Pygmalion (1938)


  • directed by Anthony Asquith and Leslie Howard
  • starring Leslie Howard, Wendy Hiller, Wilfred Lawson, Scott Sunderland, Jean Cadell
  • Shaw’s play in which a Victorian dialect expert bets that he can teach a lower-class girl to speak proper English and thus be taken for a lady.

“I sold flowers. I didn’t sell myself. Now you’ve made a lady of me I’m not fit to sell anything else.”

This light-hearted indictment on the British class structure of the times was the first of many of George Bernard Shaw’s plays to hit the big screen and the introduction for many to his classic character Eliza Doolittle who I’ll later see in 1964’s My Fair Lady. Shaw handpicked the unknown Wendy Hiller for the film and she wore her many hats very well. She was so convincing as the cockneyed flower girl that I could only make out about 10 percent of what she was saying. Between that and Higgins’ lightning-fast quips, I regretted that I didn’t have a subtitle option at points.

The relationship between Eliza and Professor Henry Higgins throughout Pygmalion takes on many forms: scholar and street urchin, scientist and sample, teacher and student, friends, and finally, perhaps something more. I’ve learned since watching that there are more than a couple of different endings to Shaw’s play that have at one time or another floated around the stage and screen. I think I would’ve preferred the less-than happy ending option. There is so clearly a tacked-on scene at the end that exists only to put a shiny bow on top. It wasn’t needed and I’d say ruined much of Eliza’s journey into her own woman on her own terms.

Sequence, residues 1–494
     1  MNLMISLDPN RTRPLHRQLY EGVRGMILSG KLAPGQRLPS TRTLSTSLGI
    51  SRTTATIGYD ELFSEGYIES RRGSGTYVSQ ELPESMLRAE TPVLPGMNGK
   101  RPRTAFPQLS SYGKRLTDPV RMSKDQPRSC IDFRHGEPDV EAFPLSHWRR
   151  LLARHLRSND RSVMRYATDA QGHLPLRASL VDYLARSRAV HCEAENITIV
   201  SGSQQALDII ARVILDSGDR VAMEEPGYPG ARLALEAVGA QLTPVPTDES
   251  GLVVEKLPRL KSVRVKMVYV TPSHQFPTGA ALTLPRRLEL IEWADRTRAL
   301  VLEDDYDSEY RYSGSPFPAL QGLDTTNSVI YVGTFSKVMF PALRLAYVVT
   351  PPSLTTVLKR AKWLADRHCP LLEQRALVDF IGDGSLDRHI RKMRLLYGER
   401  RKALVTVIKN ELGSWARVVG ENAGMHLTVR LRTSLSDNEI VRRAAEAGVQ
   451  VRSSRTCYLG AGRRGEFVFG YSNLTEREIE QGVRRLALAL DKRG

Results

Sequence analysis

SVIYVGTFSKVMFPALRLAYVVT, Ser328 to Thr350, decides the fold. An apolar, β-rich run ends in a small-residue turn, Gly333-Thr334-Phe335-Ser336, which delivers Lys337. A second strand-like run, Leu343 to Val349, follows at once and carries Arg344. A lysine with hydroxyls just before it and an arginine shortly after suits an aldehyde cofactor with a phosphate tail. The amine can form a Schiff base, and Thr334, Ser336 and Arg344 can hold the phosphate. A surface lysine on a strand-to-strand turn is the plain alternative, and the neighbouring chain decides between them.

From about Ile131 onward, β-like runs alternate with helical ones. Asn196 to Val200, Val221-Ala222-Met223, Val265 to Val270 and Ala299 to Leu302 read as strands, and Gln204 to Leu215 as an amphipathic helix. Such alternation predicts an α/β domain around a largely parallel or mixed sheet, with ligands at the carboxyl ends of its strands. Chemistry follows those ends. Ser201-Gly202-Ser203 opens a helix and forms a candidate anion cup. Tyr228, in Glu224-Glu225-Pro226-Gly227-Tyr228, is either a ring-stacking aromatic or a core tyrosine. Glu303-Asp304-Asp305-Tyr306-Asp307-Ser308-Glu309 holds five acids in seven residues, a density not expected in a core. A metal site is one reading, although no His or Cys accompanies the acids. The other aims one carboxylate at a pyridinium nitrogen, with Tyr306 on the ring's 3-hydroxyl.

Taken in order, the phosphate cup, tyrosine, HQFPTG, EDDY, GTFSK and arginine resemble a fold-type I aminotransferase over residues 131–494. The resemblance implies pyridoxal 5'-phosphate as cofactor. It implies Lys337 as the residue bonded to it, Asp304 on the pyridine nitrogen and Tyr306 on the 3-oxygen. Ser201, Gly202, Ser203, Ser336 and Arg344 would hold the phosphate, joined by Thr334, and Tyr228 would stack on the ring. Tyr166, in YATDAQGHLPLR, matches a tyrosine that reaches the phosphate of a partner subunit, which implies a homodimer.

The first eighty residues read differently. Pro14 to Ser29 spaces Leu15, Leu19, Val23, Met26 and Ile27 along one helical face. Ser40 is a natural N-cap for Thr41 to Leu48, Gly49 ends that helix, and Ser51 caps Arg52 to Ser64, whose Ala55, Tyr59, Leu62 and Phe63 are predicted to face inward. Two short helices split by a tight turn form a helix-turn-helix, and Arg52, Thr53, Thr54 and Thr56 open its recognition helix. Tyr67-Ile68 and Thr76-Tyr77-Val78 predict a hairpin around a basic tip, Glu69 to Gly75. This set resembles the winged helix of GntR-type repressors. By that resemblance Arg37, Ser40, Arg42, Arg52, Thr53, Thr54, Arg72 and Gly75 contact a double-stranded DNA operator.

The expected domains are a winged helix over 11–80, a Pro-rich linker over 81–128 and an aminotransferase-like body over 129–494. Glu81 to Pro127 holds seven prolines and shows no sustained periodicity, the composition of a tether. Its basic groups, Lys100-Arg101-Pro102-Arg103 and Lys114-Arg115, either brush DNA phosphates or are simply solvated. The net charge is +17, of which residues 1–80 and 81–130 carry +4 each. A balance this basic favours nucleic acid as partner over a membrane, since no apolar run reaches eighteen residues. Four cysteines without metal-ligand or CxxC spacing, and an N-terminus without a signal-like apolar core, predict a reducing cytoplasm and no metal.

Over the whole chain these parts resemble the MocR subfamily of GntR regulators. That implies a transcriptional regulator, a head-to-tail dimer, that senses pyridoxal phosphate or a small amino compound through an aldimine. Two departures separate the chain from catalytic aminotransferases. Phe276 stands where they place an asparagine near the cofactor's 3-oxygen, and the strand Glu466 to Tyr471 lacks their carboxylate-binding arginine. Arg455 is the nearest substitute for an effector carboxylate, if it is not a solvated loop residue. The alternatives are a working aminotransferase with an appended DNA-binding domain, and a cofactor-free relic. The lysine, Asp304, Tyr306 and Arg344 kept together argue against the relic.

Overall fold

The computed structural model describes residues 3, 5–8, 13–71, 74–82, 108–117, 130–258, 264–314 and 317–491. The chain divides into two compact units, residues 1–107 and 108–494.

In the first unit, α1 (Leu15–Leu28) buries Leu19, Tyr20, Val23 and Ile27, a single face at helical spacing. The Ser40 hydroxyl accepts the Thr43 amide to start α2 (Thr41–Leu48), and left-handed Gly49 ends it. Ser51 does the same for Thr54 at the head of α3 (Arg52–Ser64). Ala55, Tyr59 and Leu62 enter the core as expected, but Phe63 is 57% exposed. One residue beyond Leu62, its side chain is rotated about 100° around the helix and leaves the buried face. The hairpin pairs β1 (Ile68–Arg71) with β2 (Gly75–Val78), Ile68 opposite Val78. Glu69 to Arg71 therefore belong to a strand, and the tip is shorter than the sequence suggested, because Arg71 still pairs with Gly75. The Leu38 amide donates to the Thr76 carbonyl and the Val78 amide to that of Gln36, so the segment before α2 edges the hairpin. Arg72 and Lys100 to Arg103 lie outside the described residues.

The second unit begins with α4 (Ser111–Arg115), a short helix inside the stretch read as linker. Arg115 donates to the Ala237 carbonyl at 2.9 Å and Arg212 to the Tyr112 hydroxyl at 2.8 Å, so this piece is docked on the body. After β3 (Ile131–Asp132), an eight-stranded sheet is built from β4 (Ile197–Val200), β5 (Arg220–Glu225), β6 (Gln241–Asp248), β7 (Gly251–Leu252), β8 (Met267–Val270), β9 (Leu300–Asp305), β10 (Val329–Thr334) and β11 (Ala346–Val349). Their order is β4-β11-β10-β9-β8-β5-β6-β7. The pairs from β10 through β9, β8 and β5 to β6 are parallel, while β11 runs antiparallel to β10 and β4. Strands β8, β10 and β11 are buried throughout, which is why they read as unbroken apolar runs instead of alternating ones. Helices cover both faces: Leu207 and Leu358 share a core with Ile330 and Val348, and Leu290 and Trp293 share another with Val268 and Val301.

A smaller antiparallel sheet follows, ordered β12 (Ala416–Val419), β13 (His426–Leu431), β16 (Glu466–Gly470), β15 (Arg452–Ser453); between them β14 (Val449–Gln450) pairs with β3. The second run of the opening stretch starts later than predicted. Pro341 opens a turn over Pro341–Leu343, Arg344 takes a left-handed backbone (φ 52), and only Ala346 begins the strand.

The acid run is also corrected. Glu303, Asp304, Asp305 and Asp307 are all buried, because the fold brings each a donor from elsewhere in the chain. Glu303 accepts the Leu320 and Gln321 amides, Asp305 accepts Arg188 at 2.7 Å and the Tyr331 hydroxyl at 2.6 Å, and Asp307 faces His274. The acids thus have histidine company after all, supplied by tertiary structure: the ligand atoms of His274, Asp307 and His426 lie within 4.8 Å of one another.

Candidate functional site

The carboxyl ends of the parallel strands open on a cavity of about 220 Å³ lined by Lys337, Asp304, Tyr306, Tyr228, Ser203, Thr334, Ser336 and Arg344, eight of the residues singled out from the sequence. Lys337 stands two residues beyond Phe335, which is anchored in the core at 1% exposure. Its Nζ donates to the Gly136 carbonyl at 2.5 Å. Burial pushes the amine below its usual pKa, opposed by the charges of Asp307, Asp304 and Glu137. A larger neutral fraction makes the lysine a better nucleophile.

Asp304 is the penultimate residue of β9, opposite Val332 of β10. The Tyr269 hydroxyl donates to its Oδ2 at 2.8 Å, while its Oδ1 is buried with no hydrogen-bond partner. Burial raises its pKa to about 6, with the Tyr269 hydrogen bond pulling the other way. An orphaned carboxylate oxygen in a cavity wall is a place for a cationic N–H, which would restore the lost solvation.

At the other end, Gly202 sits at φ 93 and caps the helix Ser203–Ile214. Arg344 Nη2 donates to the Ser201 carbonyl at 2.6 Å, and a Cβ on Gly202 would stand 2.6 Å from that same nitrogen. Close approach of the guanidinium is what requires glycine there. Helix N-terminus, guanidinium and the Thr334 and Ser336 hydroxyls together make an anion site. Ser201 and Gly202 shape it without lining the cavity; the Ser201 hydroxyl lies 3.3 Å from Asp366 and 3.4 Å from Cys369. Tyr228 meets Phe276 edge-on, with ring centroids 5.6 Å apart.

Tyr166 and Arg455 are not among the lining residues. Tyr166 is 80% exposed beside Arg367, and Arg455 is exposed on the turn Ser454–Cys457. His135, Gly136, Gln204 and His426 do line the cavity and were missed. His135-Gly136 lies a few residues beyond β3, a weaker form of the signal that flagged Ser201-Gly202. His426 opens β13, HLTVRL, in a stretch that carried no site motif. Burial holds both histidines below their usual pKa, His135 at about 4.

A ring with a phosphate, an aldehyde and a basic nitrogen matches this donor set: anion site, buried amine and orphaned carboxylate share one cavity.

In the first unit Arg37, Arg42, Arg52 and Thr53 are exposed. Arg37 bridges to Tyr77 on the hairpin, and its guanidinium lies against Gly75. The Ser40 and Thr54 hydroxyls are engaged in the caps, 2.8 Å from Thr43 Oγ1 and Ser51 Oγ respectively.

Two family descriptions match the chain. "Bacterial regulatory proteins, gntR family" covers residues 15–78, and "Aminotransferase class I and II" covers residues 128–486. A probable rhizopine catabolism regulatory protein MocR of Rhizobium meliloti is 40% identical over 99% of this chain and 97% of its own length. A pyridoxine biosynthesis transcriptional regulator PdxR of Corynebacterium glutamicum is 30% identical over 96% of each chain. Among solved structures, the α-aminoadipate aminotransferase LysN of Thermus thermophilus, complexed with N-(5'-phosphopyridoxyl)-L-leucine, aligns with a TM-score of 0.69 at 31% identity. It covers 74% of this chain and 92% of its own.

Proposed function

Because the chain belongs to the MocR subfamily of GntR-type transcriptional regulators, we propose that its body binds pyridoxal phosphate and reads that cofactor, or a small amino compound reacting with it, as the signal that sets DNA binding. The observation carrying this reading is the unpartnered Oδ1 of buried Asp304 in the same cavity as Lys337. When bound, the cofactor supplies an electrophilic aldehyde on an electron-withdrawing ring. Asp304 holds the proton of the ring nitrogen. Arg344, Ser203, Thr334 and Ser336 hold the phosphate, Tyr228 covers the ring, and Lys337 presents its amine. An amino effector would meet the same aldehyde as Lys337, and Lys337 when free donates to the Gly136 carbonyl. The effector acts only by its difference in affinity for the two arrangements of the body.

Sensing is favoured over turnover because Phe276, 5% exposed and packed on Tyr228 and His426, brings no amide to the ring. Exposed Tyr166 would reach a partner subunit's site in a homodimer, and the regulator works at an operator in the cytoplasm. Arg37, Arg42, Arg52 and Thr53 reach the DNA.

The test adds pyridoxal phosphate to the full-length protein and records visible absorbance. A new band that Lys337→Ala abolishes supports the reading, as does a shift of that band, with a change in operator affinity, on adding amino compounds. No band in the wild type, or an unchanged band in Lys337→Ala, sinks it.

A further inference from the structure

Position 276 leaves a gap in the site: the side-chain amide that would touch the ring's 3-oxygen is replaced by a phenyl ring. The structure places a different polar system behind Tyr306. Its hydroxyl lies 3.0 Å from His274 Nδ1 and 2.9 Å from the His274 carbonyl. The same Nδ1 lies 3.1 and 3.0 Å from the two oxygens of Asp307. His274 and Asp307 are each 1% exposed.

Through these different iterations of Eliza and ‘Enry ‘Iggins, there is a constant balancing act at work between smart dialogue, comedy, and drama. Shaw obviously had an expert hand at providing humor just as the story was approaching its darkest points, often due to a mispronounced word or language confusion by Eliza. There was one point at the very culmination of an argument, though, where Higgins delivered a particularly searing insult to Eliza, took a swing at her, and just when it spelled certain doom for their relationship, he turns and trips up the stairs heels over head. Whether it was the sheer Britishisms of the stuffy, tea-time class, Mr. Doolittle’s travels through the social strata, or the two leads’ excellent and subtle physical comedy abilities, there was always some kind of a light touch nearby ready to employ.


About classixquest
all the things I should have seen

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